MongoDB's CEO: Expect aggressive investing as biz aims at Oracle et al

Explosive growth anticipated on what is between $100-200m in annual revenue

Dev Ittcheria, President and CEO of MondoBG
MongoDB's President and CEO, Dev Ittycheria

Interview Dev Ittycheria, chief executive and president at MongoDB, took a moment out from the company's European event to tell The Register about its strategy for the future.

The NoSQL business is approaching its tenth birthday, but plans for neither profit nor exiting are on the immediate horizon. Due to the hundreds of millions in capital it has managed to bag from investors, it is still committed to aggressively burning money and chasing growth.

While engineers still account for the majority of staff at MongoDB, their numbers may be eclipsed by sales bods next year as the company intends to start deploying people around the world.

Speaking to The Register at its European event in Old Billingsgate, London, Ittycheria explained that his background in both the entrepreneurial and operational sides of technology startups, as well as working as the managing director for a venture capital firm, kept him grounded where others might "overreact to certain issues and events".

What kind of issues in particular? "Scaling issues," he quickly responded.

"Candidly, one of the reasons I joined MongoDB was – as a VC – I had a look at the NoSQL space... and when I did my research and diligence with my team it became very clear that MongoDB was far ahead of everyone else in terms of the size of the community, developer mind share and so forth."

The company was smaller, but Ittycheria was pleased with the factors he and his team had identified "because what they really showed me was product-market fit".

Ittycheria arrived specifically to deal with the issues MongoDB had experienced in growing the company. "I brought in a bunch of new senior execs in the organisation to really help scale it to the next level, and since then we've grown the business almost two-and-a-half times the size it was."

Ittycheria wouldn't be drawn on the specifics of the size of the company, but told The Register that its revenues were currently between $100m and $200m annually. "Put it this way," he added. "There's companies who've gone public who are smaller and going slower than us."

This was not said to signal that the company was imminently going public, but that MongoDB was at a scale where that option could be chosen and acted upon quickly.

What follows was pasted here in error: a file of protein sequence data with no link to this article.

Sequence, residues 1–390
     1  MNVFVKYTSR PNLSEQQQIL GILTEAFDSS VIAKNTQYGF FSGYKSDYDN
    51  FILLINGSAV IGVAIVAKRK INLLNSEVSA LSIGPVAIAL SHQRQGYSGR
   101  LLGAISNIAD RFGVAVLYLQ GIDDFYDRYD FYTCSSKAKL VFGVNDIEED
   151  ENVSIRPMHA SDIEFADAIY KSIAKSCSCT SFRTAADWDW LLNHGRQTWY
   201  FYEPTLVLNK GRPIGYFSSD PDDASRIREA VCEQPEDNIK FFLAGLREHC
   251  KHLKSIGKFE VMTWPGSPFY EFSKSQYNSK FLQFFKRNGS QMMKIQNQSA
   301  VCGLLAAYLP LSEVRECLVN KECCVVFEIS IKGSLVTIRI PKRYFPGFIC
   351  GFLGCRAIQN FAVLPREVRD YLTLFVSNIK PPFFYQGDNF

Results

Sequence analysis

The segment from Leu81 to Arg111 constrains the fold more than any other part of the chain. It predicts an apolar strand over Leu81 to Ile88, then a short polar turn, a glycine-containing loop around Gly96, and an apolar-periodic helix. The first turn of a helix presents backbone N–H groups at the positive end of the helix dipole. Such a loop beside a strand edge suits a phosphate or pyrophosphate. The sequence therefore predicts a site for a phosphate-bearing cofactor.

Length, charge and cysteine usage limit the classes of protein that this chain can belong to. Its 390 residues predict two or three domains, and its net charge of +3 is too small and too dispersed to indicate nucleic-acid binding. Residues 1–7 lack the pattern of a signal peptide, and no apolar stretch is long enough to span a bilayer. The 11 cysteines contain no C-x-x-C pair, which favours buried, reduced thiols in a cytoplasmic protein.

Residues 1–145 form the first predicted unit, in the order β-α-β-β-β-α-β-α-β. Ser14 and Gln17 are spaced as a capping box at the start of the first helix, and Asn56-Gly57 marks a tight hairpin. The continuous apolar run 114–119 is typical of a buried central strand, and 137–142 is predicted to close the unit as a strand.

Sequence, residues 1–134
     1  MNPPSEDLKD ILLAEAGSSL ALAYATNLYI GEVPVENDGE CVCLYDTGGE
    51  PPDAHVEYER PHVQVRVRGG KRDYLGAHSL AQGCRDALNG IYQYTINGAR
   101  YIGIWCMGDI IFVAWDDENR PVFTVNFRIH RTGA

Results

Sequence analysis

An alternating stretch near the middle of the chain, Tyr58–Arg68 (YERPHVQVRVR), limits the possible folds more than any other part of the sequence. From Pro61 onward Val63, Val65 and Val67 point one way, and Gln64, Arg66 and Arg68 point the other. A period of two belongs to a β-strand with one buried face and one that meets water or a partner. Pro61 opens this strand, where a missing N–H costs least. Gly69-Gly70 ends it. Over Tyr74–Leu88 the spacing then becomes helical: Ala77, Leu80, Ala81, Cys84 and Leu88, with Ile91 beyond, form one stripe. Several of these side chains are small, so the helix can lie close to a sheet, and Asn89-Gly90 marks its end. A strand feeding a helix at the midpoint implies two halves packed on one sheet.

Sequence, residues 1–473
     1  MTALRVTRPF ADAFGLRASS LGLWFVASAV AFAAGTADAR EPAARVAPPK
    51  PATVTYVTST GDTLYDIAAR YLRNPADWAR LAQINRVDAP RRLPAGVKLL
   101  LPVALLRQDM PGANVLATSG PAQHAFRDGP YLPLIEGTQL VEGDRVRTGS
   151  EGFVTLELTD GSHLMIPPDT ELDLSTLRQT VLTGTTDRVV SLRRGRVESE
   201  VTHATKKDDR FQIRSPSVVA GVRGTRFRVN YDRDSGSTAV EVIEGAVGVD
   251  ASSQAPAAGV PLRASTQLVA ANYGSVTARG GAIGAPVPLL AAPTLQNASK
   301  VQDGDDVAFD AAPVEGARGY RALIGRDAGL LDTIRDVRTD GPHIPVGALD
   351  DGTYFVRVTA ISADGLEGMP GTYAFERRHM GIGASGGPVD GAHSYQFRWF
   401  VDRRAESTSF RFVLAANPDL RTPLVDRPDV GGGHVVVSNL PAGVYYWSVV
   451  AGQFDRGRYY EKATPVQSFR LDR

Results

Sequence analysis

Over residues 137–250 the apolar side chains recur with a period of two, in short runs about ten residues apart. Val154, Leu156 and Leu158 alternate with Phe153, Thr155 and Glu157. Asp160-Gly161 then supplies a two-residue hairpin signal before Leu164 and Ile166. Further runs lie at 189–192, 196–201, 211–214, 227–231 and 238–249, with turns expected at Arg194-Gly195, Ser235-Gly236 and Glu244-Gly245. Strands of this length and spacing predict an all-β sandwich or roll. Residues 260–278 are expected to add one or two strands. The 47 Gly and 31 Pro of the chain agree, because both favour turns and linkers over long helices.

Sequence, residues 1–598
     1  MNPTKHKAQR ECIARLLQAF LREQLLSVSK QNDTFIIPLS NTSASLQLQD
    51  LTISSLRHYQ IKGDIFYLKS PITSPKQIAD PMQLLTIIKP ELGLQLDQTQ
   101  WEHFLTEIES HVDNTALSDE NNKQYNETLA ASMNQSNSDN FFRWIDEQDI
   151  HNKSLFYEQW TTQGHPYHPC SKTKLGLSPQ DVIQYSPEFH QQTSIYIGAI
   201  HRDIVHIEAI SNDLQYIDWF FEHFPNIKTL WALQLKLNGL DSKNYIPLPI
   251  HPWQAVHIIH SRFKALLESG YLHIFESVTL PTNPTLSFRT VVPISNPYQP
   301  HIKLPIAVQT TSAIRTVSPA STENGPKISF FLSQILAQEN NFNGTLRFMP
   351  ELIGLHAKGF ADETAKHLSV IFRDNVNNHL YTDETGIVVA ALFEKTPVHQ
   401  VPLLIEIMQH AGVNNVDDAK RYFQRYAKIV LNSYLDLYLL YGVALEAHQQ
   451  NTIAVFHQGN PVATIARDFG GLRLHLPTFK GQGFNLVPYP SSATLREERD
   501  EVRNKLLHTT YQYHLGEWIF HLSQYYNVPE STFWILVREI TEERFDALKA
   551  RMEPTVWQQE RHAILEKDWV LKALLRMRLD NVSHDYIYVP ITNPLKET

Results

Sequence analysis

No NoSQL

Consolidation has begun in the NoSQL space, where MongoDB arguably remains the most popular offering. "I definitely think that there's a shake-out happening in the industry," said Ittycheria, "so we're starting to see some of our NoSQL brethren start to struggle."

MongoDB competitor RethinkDB was touted as a potentially final rival when it pocketed over $8m in its Series A funding round in 2013.

In October, however, founder Slava Akhmechet announced that RethinkDB was closing down, stating: "We worked very hard to make RethinkDB successful, but in spite of all our efforts we were ultimately unable to build a sustainable business."

This will become a more common story, according to Ittycheria. "We know a couple of others who are on the market, we get calls from companies who are trying to sell themselves. I know from my venture capital friends and the community that people are not putting a lot of new money into new companies in this space. They feel like the race has already been won. But that being said, we feel very bullish about our future."

For one, MongoDB reckons "the market's enormous" and offers them an equally enormous opportunity to grow.

Two: we think we have a huge lead in terms of product and scale of our business. Three: the incumbents are incredibly vulnerable. And four: we're seeing customers materially make big bets – we're closing eight and seven-figure deals all over the place with customers of all shapes and sizes.

If you think about the database market, Oracle was started in 1977. It wasn't until 1990 that they had a product that they weren't embarrassed by. The first couple of versions were viewed to be a joke. MySQL was started in 1988 – it wasn't until like the early 2000s that it was viewed as a viable product.

"We're now in year nine of the company journey, and we've probably had access to more capital than say Oracle or MySQL did in those days, and so we can invest aggressively and we're seeing the results." ®


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